Our post-modern society has pitched us the false theology of “self-empowerment,” that we have within ourselves all the power we need to overcome anything we might face and become anything we choose to be.  It is the world’s way of telling us that we don’t need God; that faith is for weak people who rely on superstition and religion as a crutch.  In fact, even within the church, we are espousing a twisted version of Philippians 4: 13 which says “I can do all things through Christ who gives me strength.”  We focus on the “I can do all things” part, and forget that the source of our strength is the “through Christ” part.  After His resurrection, Jesus told the Disciples, “You will be My witnesses” and called them proclaim the Gospel “to the ends of the earth.”  But he also told them “wait…you will receive power.” (Acts 1:4- 8)  He was saying –“Don’t try to do this on your own – My Spirit will help you. Wait for it.”  Jesus even said “By myself I can do nothing;” (John 5:30)  If Jesus knows that He can do nothing without the power of His Father, what on earth makes us think we can? Friends, there is no verse that says “God helps those who help themselves.”  I have read the Bible through several times, and I cannot find any Scripture where God chastises people for relying on Him too much.  In truth, God chastises those who don’t depend on Him, those who think they don’t need Him.  He calls that pride, and pride is perhaps the greatest offense against Him. God created man for an intimate love relationship, for a unique oneness that He couldn’t have with any other creation.  He created us to love Him and to need Him. And that goes against everything the world wants us to believe.  It is only when we come to the end of our own strength that we realize we do need Him, and we find that He is more than able and willing to help us.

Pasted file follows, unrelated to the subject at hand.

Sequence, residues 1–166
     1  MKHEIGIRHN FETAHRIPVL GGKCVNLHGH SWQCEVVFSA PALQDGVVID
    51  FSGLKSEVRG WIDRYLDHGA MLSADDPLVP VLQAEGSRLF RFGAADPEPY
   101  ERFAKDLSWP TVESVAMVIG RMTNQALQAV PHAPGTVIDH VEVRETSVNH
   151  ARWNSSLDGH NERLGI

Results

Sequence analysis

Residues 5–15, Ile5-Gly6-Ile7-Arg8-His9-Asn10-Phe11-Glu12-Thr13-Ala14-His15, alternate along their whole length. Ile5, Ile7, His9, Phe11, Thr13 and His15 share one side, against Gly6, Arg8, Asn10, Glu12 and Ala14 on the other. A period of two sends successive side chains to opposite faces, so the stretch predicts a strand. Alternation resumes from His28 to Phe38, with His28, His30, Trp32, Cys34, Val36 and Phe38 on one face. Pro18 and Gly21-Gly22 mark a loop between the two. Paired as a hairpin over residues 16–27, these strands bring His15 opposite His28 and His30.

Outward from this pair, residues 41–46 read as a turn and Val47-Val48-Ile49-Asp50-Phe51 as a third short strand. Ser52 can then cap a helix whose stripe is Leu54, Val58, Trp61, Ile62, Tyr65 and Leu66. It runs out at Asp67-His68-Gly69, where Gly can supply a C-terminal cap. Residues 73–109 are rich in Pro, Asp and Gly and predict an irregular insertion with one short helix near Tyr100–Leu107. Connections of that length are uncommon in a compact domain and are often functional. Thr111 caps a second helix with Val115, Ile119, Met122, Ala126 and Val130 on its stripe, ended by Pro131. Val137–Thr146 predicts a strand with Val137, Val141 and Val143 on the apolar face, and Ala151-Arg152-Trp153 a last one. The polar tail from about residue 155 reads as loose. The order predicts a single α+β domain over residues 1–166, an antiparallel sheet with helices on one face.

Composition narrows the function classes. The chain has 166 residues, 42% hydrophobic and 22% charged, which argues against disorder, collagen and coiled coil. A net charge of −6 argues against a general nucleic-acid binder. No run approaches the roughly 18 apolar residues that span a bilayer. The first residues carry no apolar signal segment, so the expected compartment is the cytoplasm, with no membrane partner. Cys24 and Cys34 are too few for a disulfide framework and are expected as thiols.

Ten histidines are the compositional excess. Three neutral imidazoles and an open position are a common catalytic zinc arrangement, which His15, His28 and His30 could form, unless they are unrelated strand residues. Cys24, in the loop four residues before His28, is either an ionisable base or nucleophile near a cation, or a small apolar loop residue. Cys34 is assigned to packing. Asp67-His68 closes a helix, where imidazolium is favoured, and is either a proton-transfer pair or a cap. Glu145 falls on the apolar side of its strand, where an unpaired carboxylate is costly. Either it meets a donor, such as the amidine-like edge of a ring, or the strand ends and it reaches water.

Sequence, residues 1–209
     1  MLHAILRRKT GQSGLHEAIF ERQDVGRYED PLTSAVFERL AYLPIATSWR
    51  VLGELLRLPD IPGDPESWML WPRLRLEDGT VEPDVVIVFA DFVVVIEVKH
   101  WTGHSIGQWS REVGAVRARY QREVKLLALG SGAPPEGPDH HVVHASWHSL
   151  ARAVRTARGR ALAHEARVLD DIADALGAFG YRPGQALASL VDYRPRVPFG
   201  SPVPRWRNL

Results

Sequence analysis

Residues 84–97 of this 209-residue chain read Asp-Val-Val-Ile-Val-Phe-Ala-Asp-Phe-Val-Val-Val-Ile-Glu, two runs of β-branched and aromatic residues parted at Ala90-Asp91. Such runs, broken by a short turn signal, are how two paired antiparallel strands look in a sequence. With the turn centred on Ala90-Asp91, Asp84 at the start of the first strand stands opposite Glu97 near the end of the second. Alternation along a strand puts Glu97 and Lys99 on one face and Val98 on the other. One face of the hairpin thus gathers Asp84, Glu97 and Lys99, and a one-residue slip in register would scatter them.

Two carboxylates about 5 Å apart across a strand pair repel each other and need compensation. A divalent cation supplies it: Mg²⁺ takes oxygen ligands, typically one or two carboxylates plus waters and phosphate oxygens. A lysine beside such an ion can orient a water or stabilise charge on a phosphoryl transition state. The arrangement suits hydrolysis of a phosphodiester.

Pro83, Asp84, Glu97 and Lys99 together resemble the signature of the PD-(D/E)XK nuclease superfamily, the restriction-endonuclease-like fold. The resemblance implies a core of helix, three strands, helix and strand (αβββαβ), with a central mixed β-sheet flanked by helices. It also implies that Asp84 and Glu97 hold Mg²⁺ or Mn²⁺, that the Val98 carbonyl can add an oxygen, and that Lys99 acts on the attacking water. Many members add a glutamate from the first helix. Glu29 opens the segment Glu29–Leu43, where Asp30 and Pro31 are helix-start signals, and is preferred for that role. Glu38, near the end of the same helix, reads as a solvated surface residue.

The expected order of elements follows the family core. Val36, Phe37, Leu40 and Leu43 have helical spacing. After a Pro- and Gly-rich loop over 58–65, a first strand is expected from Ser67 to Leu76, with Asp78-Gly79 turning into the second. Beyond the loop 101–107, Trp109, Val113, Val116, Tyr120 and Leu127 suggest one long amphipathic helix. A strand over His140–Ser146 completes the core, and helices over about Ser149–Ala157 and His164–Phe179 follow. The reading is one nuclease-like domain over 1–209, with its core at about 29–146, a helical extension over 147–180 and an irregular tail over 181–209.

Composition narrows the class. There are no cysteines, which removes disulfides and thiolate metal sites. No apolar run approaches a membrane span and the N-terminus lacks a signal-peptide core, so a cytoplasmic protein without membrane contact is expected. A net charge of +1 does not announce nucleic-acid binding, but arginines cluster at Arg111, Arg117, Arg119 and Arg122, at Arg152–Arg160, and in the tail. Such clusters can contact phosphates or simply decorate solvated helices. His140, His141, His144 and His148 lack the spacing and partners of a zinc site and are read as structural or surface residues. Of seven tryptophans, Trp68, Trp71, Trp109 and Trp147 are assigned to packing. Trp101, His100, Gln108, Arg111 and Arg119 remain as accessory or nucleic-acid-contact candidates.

Then there is the thought that God should not be bothered with our insignificant problems.  We tend to put our needs into different boxes “too big for me,” and “too little for God.”  We call for prayer when Grandma is near death, our child is hurt in an accident, or when there has been a national or world crisis; but seem to think that God does not want to be bothered with our petty problems.  Does He really care that your washing machine has quit working?   Should I even bother Him about my boss snapping at me?  Why would God be concerned about a teething baby who has kept you up three nights in a row?   He does care about your everyday needs, He wants you to come to Him about your frustrations and the demands of your day that wear you down.  1 Peter 5:7 says “Cast all your cares on Him, because He cares for you.”  In Moses’ address to the people of Israel, He reminded them “During the forty years that I led you through the desert, your clothes did not wear out, not did the sandals on your feet. (Deuteronomy 29:5)” If God was concerned about their clothes and sandals, I think it is right to say that He cares about your everyday needs as well. Jesus said “Do not worry about your life, what you will eat or drink, or about your body, what you will wear.  Your Heavenly Father knows that you need these things. (Matthew 6:25, 32) He knows what you need every day, and He promises to provide.  In the prayer He taught to the Disciples, Jesus said “Give us this day our daily bread. (Matthew 6:11, emphasis mine)” Daily bread, daily needs – He is a daily God.